Open main menu

Punjabi ghagra

  (Redirected from Punjabi Ghagra)
Rangla Punjab. Punjabi Ghagra
Punjabi Dance 2

The Punjabi ghagra (Punjabi: ਘੱਗਰਾ) is a four-piece outfit[1] known as tewar or 'ti-or' which was traditionally worn by Punjabi women throughout the Punjab region with the outfit comprising a head scarf (Phulkari), kurta or kurti,[2] ghagra and either a suthan (baggy trousers with a tight band at the ankles) or the Punjabi salwar.[3] In modern times, the ghagra is worn by women in parts of Haryana, rural parts of south West Punjab,[4] parts of Himachal Pradesh[5] and during performances of Giddha in East Punjab.[6]



The ghagra has its origin in the candataka, which had become a popular garment in the Gupta period.[7] The candataka was a men's half trousers[8] which eventually developed into the ghagra. The intermediate formation has been described as a shirt like dress for men and women from the neck to the thighs.[9][10] Candataka continued as a popular female dress in the seventh century.[11]


The Punjabi ghagra is part of a four-piece ensemble: Phulkari, kurta/kurti, ghagra and suthan/salwar. The term tewar or ti-or suggests that the outfit was originally a three-piece ensemble[12] which would have comprised the head scarf, kurta/kurti/angi and the ghagra. However, when preparing clothes to give to the bride, the suthan/kurta or salwar kameez outfit is counted as bewar, comprising two articles, with the head scarf not being included. Randhawa (1960) suggests that the only difference between the ghagra ensemble and the Punjabi suit outfit is the addition over the ghagra in the ghagra outfit. Accordingly, even though the Punjabi ghagra is referred to as tewar/ti-or, it is a four-piece outfit and the Punjabi suit, a three-piece ensemble.


The head scarf generally consists of a large Phulkari embroidered using local designs.



The upper garment is traditionally either a long kurta or a kurti which is a short coat.[13] The kurta is a remnant of the kurtaka which was short and had side slits. It was in use in the 11th century C.E.and provides a link to the kurta of the Punjab region.[14]

The kurti is a short cotton coat[15] or a mini anga (dress)[16] without side slits which is believed to have descended from the tunic of the Shunga period (2nd century B.C.).[17] The kurti during the early 1700s buttoned to the right[18] but later versions buttoned down the centre.


The angi is the Punjabi name for the bodice which is a short sleeved vest which covers the breast but leaves the chest partly bear and the abdomen wholly exposed.[19] The angi can be worn with the kurti. The angi when worn on its own is called the choli, which covers the chest[20] and has a slip running further down in front. It has short sleeves and is tied behind.[21] The angi differs from the choli only in having no front slip.

One design of the choli is made of strips (or patches)[22] of many coloured silk or other material. The arms are generally bare and the stomach is left uncovered.[23] The choli is tied at the back with strings.[24] In the middle of the choli, a kubba is dangled which is a hollow knobby ornament with a pendant fixed onto the centre of the choli. The item used is the tukma which is a silver pendant fixed on to the ends of the choli.[25] The choli was a popular alternative to the kurta in the 20th century,[26][27][28][29] and was in use in the Punjab region since at least the 16th century.[30] It is still popular in Multan where the Multani choli is embroidered in different colours or hand printed, tied at the front or the back.[31] Modern versions of the choli are also worn.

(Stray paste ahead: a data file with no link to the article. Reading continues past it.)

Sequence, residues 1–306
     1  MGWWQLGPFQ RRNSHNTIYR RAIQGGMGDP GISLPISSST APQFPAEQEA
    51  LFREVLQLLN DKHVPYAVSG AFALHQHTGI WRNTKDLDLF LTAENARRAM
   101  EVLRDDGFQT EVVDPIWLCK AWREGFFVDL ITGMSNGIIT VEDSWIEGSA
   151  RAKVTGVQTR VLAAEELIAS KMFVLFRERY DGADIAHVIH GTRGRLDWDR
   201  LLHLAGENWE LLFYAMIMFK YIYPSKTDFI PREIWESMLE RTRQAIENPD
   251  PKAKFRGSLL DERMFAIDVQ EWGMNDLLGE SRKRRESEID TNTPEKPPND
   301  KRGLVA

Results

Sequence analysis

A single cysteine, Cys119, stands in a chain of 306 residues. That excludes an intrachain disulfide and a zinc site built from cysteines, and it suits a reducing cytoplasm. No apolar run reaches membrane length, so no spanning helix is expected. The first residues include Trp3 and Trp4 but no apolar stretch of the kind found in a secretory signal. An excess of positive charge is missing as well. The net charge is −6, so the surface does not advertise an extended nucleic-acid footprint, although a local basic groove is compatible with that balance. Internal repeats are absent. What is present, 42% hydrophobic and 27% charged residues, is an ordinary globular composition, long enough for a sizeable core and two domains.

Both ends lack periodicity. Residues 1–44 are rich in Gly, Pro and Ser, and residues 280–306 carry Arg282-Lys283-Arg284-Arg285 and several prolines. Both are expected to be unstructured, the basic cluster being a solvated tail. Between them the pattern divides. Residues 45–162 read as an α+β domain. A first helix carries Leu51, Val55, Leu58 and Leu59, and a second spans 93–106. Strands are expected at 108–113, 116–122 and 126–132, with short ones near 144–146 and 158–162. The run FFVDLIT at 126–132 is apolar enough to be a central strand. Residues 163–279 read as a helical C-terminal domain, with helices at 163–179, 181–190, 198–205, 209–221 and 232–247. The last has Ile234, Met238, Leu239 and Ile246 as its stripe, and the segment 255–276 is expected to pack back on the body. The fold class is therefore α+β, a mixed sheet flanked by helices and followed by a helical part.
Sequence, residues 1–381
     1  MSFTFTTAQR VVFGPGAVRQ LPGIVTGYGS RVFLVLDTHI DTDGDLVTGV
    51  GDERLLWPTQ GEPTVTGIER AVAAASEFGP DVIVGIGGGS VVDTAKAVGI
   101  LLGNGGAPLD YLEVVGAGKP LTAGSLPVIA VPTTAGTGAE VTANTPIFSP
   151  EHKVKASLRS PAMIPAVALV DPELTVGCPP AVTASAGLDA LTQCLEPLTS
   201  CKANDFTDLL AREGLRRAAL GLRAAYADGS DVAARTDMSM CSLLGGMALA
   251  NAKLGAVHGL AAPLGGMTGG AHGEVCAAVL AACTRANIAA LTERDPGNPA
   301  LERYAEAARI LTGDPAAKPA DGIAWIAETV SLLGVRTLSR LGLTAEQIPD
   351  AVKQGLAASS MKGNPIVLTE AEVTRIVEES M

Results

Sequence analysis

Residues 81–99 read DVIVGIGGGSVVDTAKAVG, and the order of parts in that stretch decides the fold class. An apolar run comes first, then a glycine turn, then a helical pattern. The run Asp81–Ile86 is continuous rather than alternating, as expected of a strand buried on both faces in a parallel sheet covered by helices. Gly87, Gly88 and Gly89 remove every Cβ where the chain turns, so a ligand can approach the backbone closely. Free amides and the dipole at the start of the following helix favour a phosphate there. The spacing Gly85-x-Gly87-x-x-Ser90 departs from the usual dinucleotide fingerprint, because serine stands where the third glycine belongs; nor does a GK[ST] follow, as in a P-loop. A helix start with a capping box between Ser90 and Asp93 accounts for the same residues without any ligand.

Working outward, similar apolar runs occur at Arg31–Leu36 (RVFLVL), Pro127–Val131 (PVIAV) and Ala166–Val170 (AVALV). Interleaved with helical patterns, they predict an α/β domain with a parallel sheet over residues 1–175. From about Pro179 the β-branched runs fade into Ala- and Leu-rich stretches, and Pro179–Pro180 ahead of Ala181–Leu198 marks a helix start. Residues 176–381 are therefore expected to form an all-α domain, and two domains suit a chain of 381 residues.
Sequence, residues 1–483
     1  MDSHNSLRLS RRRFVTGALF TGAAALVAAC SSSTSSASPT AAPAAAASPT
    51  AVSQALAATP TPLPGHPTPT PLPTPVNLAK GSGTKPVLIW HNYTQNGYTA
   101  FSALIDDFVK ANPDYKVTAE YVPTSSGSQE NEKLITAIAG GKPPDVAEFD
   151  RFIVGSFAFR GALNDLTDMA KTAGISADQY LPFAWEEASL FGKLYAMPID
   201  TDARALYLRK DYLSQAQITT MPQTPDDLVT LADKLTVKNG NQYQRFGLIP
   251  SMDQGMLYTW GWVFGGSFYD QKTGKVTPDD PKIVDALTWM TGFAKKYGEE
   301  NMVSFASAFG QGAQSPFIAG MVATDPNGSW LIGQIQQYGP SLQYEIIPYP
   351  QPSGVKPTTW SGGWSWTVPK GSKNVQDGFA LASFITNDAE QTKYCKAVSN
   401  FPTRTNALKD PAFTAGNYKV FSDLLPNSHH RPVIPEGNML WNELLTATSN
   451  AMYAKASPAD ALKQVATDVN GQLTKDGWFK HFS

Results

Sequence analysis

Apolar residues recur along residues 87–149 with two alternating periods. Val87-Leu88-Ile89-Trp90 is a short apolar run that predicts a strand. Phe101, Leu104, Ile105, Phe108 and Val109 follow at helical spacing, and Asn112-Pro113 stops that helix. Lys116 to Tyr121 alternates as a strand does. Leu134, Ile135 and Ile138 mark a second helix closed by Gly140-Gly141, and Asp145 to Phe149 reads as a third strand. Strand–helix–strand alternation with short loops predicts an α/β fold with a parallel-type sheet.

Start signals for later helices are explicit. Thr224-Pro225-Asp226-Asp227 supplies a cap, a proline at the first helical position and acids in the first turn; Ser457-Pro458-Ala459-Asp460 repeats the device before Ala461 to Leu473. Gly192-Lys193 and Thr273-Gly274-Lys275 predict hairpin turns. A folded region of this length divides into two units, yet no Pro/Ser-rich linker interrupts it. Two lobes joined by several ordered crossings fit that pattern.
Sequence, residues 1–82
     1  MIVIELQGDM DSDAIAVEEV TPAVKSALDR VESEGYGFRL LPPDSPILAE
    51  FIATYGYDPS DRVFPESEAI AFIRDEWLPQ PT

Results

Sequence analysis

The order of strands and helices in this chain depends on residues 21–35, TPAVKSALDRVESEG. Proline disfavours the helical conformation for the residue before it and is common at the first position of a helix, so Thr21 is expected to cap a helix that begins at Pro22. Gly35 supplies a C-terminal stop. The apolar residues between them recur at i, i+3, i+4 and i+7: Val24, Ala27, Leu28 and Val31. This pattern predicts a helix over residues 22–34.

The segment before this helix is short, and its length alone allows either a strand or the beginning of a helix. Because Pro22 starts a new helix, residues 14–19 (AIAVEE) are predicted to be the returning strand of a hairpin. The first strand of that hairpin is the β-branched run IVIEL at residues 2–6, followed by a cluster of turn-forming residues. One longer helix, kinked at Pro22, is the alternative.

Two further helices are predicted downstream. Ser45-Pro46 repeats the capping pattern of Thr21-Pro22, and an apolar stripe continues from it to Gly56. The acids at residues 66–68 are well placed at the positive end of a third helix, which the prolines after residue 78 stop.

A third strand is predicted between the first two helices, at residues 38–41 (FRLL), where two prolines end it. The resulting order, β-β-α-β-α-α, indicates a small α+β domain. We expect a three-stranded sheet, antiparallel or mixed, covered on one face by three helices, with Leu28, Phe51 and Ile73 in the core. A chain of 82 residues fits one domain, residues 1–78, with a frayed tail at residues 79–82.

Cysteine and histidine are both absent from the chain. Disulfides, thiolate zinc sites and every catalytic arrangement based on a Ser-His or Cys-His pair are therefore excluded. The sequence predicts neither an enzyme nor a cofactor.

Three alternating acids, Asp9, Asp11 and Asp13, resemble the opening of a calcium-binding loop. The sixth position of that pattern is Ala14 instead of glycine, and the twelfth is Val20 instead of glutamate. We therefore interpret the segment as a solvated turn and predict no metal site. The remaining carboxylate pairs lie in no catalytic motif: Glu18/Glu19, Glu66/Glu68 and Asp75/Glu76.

Saraiki Tradition women wearing ghagra west Punjab

The ghagra is a piece of clothing which can vary from 9 to 25 yards[32] The picture on the right shows the styles worn by Saraiki speaking women in west Punjab. The ghagra is traditionally worn by women of all communities.[33]

The materials used for making ghagras can either be malmal or muslin. The edge is finished with either a row of pin tucks, embroidery, gota or by putting a border of daryai (stiffened cloth).The malmal ghagra is traditionally starched (maandi) along with mica or vark which shines in the sun. Vark is similar to thin layers of stiff paper which is crushed and added to maandi (starch).[32] Other materials used for ghagras are hari-shael, latha,[34] saatan (satin), embroidered phulkari, parachute cloth etc. Parachute cloth is a silky material and perhaps similar to the textile used to make parachutes. For formal occasions the ghagra is made of expensive material with some embellishments like gota or embroidery.


It is traditional to wear either a suthan or a salwar under the ghagra. In Lahore[35] and East Punjab, the ghagra however was only worn when going outdoors[36] or in some areas, when going to another village in which case the kurta/kurti would be replaced by a choli.[37][38] Women were expected to continue to wear the ghagra over the suthan[39] or the salwar until old age or until at least the eldest child got married.[34] It was also customary to wear the ghagra on festive occasions and when attending funerals. It is still used by elderly ladies and is worn on special occasions.[40] Older Punjabi women living in the United Kingdom recall wearing the ghagra over the salwar.[41]